A new handheld device developed by the University of Texas is said to be able to detect cancer tissues within 10 seconds.
The “MasSpec Pen” improves the testing process by as much as 150 times and will make the removal of tumours far easier and more accurate.
“If you talk to cancer patients after surgery, one of the first things many will say is ‘I hope the surgeon got all the cancer out,’” said Livia Schiavinato Eberlin, an assistant professor of chemistry at UT Austin who designed the study and led the team.
“It’s just heartbreaking when that’s not the case. But our technology could vastly improve the odds that surgeons really do remove every last trace of cancer during surgery,” Eberlin added on the university’s website.
The test on 253 human cancer patients was said to be 96% accurate. Some of the suffers had lung, breast, thyroid and ovarian cancers.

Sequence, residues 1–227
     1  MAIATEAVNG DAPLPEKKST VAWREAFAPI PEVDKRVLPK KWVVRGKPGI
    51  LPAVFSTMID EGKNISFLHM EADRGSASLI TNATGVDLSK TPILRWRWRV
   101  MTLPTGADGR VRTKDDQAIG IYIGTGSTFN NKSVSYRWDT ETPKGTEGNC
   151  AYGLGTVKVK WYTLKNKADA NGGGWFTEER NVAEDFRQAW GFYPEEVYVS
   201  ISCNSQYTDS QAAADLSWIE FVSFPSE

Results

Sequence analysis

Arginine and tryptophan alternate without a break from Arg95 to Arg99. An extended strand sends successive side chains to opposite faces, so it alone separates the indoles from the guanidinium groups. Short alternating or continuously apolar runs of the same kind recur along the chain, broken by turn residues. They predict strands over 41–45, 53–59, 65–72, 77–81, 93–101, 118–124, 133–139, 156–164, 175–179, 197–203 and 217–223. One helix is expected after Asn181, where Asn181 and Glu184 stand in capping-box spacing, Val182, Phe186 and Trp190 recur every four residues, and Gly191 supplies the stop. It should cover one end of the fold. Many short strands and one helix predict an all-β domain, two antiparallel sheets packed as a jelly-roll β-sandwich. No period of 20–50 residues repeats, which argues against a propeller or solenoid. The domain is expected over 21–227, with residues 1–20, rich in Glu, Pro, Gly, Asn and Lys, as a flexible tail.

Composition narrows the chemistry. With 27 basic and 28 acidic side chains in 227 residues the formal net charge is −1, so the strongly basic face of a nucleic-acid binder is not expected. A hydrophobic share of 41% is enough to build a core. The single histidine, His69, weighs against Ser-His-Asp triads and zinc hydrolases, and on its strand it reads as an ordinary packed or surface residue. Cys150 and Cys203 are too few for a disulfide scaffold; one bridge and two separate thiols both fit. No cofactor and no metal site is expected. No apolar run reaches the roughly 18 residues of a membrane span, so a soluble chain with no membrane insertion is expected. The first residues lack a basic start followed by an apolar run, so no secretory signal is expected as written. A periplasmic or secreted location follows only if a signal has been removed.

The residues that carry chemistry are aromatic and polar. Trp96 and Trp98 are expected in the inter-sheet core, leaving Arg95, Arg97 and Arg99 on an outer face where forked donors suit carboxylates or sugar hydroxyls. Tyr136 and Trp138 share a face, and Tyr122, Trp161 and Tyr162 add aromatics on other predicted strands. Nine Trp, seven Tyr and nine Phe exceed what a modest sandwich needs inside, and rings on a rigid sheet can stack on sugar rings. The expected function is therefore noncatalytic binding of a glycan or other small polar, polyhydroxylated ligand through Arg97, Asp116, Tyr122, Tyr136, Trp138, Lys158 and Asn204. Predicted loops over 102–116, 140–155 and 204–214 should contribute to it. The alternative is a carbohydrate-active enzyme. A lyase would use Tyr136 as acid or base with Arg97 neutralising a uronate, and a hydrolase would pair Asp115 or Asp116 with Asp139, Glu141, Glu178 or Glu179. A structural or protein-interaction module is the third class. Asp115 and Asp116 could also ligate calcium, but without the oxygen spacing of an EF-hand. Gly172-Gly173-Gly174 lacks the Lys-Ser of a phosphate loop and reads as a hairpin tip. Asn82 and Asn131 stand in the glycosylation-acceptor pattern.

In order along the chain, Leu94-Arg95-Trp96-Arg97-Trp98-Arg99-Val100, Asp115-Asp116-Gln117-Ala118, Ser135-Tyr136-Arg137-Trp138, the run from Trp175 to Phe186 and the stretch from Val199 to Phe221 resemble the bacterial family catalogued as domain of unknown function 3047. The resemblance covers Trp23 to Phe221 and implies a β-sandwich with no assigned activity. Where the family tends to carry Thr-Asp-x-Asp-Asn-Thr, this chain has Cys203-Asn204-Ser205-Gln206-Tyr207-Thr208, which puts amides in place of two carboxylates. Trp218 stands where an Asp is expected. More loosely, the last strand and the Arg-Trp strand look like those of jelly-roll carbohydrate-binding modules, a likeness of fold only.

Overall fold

Every type of cancer has its own molecular structure which is said to like a “fingerprint”. When MasSpec Pen is used it releases a drop of water that is capable of absorbing the molecules.
The tainted water is then place into a machine which is capable of detecting any abnormalities. Known as the mass spectrometer, the machine detects whether any cancer exists.
The results are then given on a computer screen with words of “Normal” or “Cancer” being shown. For cancers such as lung cancer, it is also capable of showing the variation of cancer.
“Any time we can offer the patient a more precise surgery, a quicker surgery or a safer surgery, that’s something we want to do,” said James Suliburk, head of endocrine surgery at Baylor College of Medicine.
“This technology does all three. It allows us to be much more precise in what tissue we remove and what we leave behind.”